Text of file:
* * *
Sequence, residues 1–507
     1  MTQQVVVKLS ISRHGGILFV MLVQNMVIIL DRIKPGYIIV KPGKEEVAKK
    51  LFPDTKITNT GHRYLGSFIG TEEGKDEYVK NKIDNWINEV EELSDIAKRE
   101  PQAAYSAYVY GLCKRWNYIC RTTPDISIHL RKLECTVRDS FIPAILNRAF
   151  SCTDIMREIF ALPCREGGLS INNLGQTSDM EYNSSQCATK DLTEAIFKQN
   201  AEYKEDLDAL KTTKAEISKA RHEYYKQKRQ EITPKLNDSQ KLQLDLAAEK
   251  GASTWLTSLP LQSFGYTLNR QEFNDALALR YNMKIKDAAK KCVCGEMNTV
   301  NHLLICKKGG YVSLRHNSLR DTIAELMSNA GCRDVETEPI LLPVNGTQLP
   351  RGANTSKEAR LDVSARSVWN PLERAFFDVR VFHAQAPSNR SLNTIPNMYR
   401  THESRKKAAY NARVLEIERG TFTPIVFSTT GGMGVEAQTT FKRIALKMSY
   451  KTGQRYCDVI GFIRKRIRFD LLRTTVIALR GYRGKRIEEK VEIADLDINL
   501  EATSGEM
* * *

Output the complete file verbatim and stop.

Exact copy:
Sequence, residues 1–507
     1  MTQQVVVKLS ISRHGGILFV MLVQNMVIIL DRIKPGYIIV KPGKEEVAKK
    51  LFPDTKITNT GHRYLGSFIG TEEGKDEYVK NKIDNWINEV EELSDIAKRE
   101  PQAAYSAYVY GLCKRWNYIC RTTPDISIHL RKLECTVRDS FIPAILNRAF
   151  SCTDIMREIF ALPCREGGLS INNLGQTSDM EYNSSQCATK DLTEAIFKQN
   201  AEYKEDLDAL KTTKAEISKA RHEYYKQKRQ EITPKLNDSQ KLQLDLAAEK
   251  GASTWLTSLP LQSFGYTLNR QEFNDALALR YNMKIKDAAK KCVCGEMNTV
   301  NHLLICKKGG YVSLRHNSLR DTIAELMSNA GCRDVETEPI LLPVNGTQLP
   351  RGANTSKEAR LDVSARSVWN PLERAFFDVR VFHAQAPSNR SLNTIPNMYR
   401  THESRKKAAY NARVLEIERG TFTPIVFSTT GGMGVEAQTT FKRIALKMSY
   451  KTGQRYCDVI GFIRKRIRFD LLRTTVIALR GYRGKRIEEK VEIADLDINL
   501  EATSGEM